HC Deb 10 July 1879 vol 248 cc13-4

asked the Chief Secretary for Ireland, Whether the Surgeons of Gaols in Ireland who were appointed by Boards of Superintendence, and who have performed the duties of their office before and since the 1st day of April 1878, are recognized by Her Majesty's Government as "Officers attached to Prisons" within the meaning of s. 27 of "The General Prisons (Ireland) Act, 1877;" whether surgeons not so appointed, but obliged as surgeons of infirmaries to perform medical duties in gaols, and who have performed them before and since the 1st day of April 1878, are so recognized; and, whether any salary will be paid to Prison Medical Officers for duties performed from the 1st day of April 1878 to the present time; and, if so, whether he will lay upon the Table of the House a scale of the salaries to be paid for the performance of these duties?


My answer to all my hon. Friend's inquiries is in the affirmative; and, in addition to the table of salaries, will lay upon the Table an explanatory document, which will make the matter clear.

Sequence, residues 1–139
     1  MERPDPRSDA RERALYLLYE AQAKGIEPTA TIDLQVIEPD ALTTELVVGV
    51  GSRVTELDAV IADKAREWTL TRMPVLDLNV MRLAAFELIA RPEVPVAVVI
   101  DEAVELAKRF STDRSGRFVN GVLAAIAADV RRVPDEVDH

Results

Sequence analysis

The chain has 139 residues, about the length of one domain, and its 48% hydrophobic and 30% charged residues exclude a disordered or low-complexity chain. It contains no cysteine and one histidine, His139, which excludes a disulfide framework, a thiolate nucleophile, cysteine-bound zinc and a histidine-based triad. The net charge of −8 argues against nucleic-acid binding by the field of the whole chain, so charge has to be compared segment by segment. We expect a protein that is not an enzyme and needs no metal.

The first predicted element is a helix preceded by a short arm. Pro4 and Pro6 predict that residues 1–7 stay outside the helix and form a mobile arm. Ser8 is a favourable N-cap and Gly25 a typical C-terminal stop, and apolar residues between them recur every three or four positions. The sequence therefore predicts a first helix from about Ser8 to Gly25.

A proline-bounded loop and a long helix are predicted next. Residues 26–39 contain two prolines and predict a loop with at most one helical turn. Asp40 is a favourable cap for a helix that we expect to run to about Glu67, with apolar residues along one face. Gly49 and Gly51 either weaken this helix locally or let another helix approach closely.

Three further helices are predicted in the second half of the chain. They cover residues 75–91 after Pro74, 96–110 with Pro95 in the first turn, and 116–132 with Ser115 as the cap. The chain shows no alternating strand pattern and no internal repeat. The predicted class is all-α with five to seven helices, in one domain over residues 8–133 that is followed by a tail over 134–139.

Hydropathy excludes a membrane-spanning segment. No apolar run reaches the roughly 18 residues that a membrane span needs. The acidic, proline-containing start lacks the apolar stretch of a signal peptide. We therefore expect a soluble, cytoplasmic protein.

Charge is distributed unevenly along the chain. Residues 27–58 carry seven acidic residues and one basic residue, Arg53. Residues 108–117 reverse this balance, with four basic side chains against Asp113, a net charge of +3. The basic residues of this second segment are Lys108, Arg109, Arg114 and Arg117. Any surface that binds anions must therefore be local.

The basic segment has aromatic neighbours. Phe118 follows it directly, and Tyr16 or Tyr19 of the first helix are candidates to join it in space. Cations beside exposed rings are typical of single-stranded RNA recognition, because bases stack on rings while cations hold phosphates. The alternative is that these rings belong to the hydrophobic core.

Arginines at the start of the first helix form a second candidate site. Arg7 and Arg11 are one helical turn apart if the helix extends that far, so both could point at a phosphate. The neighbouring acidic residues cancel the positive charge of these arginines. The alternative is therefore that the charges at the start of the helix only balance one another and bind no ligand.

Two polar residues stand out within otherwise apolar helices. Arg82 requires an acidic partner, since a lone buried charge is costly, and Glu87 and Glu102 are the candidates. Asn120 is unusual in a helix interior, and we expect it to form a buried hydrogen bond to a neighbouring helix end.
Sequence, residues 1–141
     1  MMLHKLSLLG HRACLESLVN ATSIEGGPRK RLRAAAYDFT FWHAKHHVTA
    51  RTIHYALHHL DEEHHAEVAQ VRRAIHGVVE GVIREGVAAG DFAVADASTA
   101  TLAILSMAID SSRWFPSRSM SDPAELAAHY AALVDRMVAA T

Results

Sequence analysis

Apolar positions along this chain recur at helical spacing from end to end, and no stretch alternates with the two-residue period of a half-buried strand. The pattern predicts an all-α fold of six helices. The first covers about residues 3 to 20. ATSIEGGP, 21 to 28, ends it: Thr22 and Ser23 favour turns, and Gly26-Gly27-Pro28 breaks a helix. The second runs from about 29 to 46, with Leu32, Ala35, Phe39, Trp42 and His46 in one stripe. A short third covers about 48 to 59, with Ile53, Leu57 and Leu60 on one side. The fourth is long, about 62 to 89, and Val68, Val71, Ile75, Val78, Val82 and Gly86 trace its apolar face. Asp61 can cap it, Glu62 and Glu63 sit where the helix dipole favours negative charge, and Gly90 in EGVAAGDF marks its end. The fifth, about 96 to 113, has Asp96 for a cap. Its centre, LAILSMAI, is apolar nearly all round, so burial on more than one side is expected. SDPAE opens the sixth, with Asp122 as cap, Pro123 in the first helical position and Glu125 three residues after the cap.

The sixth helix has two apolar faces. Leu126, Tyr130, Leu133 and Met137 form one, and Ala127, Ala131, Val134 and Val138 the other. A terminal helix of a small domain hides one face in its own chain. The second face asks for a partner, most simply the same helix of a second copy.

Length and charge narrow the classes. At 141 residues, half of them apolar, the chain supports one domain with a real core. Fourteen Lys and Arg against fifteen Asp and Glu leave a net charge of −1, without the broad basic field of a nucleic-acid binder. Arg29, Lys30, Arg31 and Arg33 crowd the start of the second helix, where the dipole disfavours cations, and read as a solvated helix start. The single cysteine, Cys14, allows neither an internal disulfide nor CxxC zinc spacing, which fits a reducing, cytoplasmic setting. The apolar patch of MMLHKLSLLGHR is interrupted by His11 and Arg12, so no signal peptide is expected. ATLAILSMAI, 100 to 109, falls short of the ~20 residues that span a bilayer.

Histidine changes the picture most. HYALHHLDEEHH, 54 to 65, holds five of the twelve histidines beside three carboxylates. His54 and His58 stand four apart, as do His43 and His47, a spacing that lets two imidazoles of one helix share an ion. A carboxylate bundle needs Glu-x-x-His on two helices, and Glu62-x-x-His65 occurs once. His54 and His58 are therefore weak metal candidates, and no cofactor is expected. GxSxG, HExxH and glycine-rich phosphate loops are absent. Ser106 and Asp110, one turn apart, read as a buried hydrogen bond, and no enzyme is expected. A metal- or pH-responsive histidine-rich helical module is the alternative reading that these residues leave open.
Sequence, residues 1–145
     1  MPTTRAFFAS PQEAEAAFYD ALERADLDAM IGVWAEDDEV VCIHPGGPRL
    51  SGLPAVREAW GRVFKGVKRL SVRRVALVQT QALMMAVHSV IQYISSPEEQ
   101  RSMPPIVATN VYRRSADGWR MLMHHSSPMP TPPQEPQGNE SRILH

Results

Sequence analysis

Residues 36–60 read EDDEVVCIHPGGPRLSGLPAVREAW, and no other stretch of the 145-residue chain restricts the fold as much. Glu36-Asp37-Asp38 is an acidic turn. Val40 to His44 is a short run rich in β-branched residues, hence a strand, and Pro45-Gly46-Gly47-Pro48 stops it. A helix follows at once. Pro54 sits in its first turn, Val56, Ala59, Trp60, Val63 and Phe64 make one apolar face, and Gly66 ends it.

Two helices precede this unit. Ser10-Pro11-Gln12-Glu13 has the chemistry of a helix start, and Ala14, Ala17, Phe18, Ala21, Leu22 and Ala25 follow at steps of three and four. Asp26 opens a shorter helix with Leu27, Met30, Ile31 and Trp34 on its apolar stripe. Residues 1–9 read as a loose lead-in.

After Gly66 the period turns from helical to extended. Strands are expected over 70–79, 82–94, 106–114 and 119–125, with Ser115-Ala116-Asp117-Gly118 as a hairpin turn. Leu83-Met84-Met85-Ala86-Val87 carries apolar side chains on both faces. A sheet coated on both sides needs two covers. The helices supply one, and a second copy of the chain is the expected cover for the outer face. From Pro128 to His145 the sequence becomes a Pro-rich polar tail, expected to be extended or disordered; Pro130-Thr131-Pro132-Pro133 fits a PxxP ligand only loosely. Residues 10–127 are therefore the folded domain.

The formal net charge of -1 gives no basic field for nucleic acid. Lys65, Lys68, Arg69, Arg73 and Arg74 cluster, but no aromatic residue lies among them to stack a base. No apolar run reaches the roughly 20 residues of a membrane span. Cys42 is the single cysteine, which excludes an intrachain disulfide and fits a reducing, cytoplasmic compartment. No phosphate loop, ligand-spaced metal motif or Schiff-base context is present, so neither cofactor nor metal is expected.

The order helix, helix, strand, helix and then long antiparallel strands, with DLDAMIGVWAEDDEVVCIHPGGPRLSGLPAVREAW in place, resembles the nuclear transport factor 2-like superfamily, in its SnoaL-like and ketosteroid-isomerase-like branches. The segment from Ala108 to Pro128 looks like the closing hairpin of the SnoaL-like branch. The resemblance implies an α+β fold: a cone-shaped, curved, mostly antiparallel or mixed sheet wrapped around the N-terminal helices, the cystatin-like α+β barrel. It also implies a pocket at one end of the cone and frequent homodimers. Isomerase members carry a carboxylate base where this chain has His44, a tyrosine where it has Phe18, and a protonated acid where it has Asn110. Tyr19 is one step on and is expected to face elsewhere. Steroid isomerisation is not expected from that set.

asked the Chief Secretary for Ireland, Whether a Memorial was presented to the Irish Government from the Irish College of Physicians, protesting in the interests of the medical profession against the proposed amalgamation of the offices of surgeon and compounder in the Irish gaols; and, whether, in spite of this Memorial and of the strong feeling on the subject among the prison surgeons themselves, it is still intended to combine the two offices?


Sir, the Memorial referred to by the hon. Gentleman has been received. The intention, however, is not to make the amalgamation compulsory in the case of existing officers but only in the cases of fresh appointments.